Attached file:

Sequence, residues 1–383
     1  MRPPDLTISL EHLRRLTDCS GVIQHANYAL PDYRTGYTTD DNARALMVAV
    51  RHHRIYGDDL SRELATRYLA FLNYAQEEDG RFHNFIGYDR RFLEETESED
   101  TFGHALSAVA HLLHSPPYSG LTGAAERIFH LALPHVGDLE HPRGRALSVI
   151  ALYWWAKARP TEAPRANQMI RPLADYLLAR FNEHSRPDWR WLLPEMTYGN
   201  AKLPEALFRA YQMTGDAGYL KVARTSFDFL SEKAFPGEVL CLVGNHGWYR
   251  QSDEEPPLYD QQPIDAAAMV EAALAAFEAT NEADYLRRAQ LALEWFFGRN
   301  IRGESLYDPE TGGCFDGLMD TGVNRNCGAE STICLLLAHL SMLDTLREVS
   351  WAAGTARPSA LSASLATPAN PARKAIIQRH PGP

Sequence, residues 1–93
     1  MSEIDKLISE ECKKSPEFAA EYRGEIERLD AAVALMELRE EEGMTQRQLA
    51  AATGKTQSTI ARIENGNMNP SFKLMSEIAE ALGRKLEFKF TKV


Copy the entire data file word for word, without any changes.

Sequence, residues 1–383
     1  MRPPDLTISL EHLRRLTDCS GVIQHANYAL PDYRTGYTTD DNARALMVAV
    51  RHHRIYGDDL SRELATRYLA FLNYAQEEDG RFHNFIGYDR RFLEETESED
   101  TFGHALSAVA HLLHSPPYSG LTGAAERIFH LALPHVGDLE HPRGRALSVI
   151  ALYWWAKARP TEAPRANQMI RPLADYLLAR FNEHSRPDWR WLLPEMTYGN
   201  AKLPEALFRA YQMTGDAGYL KVARTSFDFL SEKAFPGEVL CLVGNHGWYR
   251  QSDEEPPLYD QQPIDAAAMV EAALAAFEAT NEADYLRRAQ LALEWFFGRN
   301  IRGESLYDPE TGGCFDGLMD TGVNRNCGAE STICLLLAHL SMLDTLREVS
   351  WAAGTARPSA LSASLATPAN PARKAIIQRH PGP

Sequence, residues 1–93
     1  MSEIDKLISE ECKKSPEFAA EYRGEIERLD AAVALMELRE EEGMTQRQLA
    51  AATGKTQSTI ARIENGNMNP SFKLMSEIAE ALGRKLEFKF TKV